Food for Thought: Bioengineered Foods

By Yahaira Hernandez

We have all heard of “bioengineered foods” or “genetically modified foods”, and we have surely also heard some hot debates on the topic. Many continue to ask themselves what exactly these foods are and does it do more harm than good?

Bioengineered foods are foods that have been engineered to contain foreign genes from either bacteria, viruses or other plants and animals to make desired traits more common and more pronounced. Genetically engineered plants are also resistant to certain insects or diseases, making them more likely to remain healthy, grow into their full-size, and require fewer pesticides.

Some benefits of bioengineered foods are the following: they are more nutritious foods, they contain fewer insecticides, they grow faster and become tastier, and they can increase food supply. Not much research has been done on potential long-term risks towards humans because scientists claim bioengineered foods are safe. However, some risks and concerns include genetic changes in plants or organisms that can produce allergic reactions to allergenic proteins (like peanuts or wheat), they can potentially create new allergens, bioengineered foods are not as healthy as eating organic foods, and there have been many health problems that have been found in animal studies.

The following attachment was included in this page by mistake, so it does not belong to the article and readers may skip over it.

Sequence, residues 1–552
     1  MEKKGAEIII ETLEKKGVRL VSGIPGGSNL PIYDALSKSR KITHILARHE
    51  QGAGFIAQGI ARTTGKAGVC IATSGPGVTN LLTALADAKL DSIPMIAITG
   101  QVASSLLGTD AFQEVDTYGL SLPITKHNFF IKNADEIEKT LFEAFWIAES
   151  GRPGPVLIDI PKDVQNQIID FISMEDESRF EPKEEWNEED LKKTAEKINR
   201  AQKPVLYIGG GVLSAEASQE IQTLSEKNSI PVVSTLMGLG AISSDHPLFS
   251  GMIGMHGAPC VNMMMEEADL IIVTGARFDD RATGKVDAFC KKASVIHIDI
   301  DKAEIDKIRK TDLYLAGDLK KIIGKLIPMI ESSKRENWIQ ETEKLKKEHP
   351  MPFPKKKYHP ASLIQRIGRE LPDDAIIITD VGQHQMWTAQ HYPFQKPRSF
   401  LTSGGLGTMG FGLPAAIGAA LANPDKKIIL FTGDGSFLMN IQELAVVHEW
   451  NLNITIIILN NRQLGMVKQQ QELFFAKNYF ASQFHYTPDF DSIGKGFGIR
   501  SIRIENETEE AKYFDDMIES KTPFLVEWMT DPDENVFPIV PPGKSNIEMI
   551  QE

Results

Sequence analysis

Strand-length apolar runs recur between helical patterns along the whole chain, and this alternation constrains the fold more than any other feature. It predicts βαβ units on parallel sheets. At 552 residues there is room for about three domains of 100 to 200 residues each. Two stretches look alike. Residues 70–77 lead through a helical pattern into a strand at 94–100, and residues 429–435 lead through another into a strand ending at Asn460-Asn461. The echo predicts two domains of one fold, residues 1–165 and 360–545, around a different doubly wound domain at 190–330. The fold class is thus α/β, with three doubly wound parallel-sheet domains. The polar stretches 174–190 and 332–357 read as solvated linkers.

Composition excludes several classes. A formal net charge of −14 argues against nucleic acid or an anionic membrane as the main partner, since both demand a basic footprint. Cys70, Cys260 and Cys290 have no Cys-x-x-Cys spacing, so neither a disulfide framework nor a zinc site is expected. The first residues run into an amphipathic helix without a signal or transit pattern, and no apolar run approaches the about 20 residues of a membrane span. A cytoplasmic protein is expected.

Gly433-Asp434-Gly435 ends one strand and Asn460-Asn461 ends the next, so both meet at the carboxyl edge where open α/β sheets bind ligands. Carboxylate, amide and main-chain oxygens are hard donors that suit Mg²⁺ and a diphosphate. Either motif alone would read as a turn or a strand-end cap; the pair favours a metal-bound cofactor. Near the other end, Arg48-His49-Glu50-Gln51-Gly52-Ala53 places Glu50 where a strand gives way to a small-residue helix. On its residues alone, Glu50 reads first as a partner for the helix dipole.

Experts say that more than 70 percent of processed foods sold in the United States have genetically modified ingredients. Some common genetically modified foods are corn, soybeans, potatoes, tomatoes, squash, rice, oils, animal feed and salmon.

More than 60 countries have already banned or set restrictions on selling bioengineered foods. However, many companies around the world have been labeling their products to inform people that their products are non-genetically modified foods or “Non-GMO” if you choose to avoid eating bioengineered foods.